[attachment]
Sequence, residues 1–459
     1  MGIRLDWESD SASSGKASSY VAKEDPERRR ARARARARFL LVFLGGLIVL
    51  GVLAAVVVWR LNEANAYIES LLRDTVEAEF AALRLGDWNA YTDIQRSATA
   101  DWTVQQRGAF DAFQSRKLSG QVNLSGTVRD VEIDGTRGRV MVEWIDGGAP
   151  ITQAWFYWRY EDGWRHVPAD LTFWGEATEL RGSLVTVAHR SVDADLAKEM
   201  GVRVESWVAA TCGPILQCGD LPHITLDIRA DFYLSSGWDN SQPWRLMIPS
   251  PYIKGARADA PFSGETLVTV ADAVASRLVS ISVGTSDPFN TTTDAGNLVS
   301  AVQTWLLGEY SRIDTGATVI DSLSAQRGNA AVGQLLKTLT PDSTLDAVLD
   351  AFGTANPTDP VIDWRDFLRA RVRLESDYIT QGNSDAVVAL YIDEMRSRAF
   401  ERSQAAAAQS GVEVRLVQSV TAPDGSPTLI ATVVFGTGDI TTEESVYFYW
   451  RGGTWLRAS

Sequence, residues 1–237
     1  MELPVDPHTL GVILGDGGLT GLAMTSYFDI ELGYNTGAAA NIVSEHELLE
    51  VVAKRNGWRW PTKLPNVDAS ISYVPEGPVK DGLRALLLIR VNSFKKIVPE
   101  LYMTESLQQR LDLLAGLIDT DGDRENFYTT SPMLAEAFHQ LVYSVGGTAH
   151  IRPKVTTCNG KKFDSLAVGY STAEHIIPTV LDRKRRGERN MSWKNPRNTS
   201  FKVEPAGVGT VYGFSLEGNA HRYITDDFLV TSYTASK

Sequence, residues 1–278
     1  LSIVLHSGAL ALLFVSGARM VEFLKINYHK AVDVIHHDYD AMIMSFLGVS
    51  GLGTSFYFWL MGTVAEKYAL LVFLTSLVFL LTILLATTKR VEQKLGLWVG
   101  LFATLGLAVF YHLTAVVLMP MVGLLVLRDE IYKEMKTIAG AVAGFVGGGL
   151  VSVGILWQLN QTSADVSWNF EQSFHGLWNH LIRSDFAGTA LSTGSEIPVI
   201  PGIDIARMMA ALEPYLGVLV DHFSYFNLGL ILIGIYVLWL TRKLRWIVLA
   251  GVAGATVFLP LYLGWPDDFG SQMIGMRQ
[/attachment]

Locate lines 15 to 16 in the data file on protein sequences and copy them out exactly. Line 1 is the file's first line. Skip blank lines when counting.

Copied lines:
   101  LYMTESLQQR LDLLAGLIDT DGDRENFYTT SPMLAEAFHQ LVYSVGGTAH
   151  IRPKVTTCNG KKFDSLAVGY STAEHIIPTV LDRKRRGERN MSWKNPRNTS